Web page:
JASON OHLER – MLTI KEYNOTE

THIS IS REPOSTED FROM (resource220.com)

Jason Ohler – provided the MLTI Keynote presentation last night, he provided an introduction (from me at least) to Digital Story telling. I have seen the sites and even downloaded some PDF things on Digital Story telling, but I have not taken the time before, to see what it actually is about.
Ohler’s keynote really made me think about what I have missed AND what I could be doing. He started with a couple of stories about two of his teachers that “knew” each student had different ways to learn and show what they had learned. That these teachers used the right keys and opened doors for him to learn or show what he had learned.
He challenged us to think about what we would think as being more important: “gee I wish I had said more at meetings” or “did I open all the doors that I could as a teacher for my students?” As teachers we hold the key to the doors and if we don’t use them to open or unlock the right door for our students – they can’t get in through the door to learn or show what they have learned. Our students do want to be let in we just have to find the right key and the door it fits to bring our students in.
Ohler discussed that our students live 2 lives not 1. The one outside of school and the one where they power down while in most schools. He asked do we want them to live 1 life or 2? “They unplug when they show up to school and then get back on when they leave.” A majority of teachers or schools either do not, are not able or will not interact with these students at this level for whatever the reason.  If we want to stay relevant we have to engage these students, not force them to power down.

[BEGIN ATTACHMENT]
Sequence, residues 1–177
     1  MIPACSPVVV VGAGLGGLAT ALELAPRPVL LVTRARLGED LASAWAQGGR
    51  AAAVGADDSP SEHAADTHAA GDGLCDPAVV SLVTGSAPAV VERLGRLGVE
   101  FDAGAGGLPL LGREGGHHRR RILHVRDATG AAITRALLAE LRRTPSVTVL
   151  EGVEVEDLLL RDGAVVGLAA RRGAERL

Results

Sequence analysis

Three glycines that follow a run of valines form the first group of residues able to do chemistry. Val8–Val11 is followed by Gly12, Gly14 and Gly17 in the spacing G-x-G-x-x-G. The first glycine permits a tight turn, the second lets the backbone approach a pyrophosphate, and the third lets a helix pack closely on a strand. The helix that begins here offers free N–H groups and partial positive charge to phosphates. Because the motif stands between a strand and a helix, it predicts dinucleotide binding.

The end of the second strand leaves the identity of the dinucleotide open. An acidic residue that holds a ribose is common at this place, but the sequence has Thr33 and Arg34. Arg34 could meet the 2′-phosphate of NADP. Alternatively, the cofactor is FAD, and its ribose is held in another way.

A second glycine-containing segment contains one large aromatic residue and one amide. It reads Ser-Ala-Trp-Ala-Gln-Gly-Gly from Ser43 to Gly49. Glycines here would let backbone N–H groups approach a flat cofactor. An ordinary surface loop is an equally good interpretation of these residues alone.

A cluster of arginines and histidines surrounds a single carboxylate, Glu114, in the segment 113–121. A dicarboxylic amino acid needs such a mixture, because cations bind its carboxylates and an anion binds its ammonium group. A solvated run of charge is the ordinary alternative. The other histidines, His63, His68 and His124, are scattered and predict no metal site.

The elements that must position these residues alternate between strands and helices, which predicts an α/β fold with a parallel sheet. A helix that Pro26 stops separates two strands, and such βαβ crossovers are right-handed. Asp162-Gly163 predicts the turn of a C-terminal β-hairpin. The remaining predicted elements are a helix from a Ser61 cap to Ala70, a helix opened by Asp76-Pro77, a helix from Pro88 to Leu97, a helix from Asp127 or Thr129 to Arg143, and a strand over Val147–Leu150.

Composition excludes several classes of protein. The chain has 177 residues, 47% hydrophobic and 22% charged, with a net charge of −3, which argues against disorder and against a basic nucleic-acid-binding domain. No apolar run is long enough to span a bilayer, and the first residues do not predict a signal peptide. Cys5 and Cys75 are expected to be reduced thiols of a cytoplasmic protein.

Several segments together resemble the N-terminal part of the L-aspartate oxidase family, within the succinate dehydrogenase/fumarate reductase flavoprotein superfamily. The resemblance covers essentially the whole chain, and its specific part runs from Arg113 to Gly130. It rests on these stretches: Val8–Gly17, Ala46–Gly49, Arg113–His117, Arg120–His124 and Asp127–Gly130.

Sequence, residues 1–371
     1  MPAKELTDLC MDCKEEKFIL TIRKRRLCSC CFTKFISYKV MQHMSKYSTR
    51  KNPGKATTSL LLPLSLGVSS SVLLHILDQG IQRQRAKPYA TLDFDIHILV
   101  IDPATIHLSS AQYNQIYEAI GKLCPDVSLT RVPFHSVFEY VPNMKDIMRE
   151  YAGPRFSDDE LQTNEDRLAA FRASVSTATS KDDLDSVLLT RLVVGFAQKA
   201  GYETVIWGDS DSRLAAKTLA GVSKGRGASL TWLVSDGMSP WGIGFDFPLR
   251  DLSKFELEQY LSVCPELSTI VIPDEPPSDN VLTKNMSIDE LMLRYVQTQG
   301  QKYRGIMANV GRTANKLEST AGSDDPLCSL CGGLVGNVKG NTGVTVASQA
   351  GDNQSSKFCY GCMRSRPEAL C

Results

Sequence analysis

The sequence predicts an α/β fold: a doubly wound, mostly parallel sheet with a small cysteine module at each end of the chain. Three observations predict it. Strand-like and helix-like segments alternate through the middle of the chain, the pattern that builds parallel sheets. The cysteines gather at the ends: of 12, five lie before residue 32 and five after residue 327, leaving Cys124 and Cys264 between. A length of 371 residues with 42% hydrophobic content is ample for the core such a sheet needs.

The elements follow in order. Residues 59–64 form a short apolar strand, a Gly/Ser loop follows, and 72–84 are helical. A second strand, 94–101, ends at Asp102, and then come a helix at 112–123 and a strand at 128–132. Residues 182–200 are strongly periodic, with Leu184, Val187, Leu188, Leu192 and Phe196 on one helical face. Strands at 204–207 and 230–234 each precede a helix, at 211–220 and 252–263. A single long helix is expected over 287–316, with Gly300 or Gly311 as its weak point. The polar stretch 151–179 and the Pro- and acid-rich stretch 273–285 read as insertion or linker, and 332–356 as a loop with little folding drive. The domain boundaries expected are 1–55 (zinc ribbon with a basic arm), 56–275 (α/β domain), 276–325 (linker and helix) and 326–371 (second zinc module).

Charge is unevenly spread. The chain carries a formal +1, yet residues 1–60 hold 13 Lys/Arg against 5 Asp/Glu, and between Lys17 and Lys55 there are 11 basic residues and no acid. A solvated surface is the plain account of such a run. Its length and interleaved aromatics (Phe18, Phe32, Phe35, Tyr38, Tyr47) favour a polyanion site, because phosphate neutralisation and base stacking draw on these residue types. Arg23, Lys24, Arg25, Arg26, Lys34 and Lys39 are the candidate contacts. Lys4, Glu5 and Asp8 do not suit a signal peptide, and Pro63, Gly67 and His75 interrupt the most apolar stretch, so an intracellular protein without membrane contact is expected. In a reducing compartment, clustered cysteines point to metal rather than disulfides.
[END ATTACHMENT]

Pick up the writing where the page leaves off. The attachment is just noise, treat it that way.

No matter how much students can use technology, they will always need us (teachers) to set and maintain standards that they may be too lax with for themselves.
Ohler stated that the baseline to show literacy – was the ability to use words, now literacy can defined as a media collage that includes words. We now only test for the words part of the media collage.  While we are starting to teach pieces and parts of the media collage, we hope that what we teach in the collage covers it covers what will be on the test so our students will show what they learn there as well. It is now part of the Teaching Art (because teaching is an art) to know how to choose which part of the media collage to use (my addition here: and that is very scary to many teachers).
It has gotten to the point that talking about digital/media issues are like talking about sex in the 60’s, it’s just not done in “mixed” company (in this case students or teachers).
When students say “It’s too hard, I’m bored”, they are looking for the story in what we are teaching…how they can relate to what a teacher is teaching when the teacher is just presenting facts and figures.  No matter what subject you teach there is a story that you can use to teach it.
The 80/20 rule, media does not always need to be perfect.  For most people and students the first 20% of time gets 80% of the work done, then the remaining 80% of the time, is used to finish the last 20%.
Teachers have to be “tough” when assessing students digital work, if it doesn’t make sense or isn’t good, it means it doesn’t makes sense or isn’t good enough. Maintain the standards and evaluate all of a student’s work, not just the glitzy technology piece.  Don’t be swayed because a student is able to use technology, is the story a good story?  Good stories lodge in our memory when graphs, etc. may not. Stories without transformation or growth are not memorable and THERE NEEDS TO BE A PROBLEM TO BE SOLVED.
In meetings when a peer has a concern about using technology turn that concern into a goal, all a concern is, is a negatively stated goal.
Overall the Keynote speech by Jason Ohler was one of the better ones that I have listened to. I really liked that he encouraged listeners to Tweet, Blog or whatever while he was speaking. He was sure enough of his ability to engage his audience that people doing other things did not bother him. I tweeted and wrote notes for this blog entry during his presentation, but at the same time I was engaged in what he was presenting and noted that most of the other listeners were as well.
This Keynote piqued my interest in Digital Storytelling enough that I want to learn more. That is al you can ask of a Keynote speech.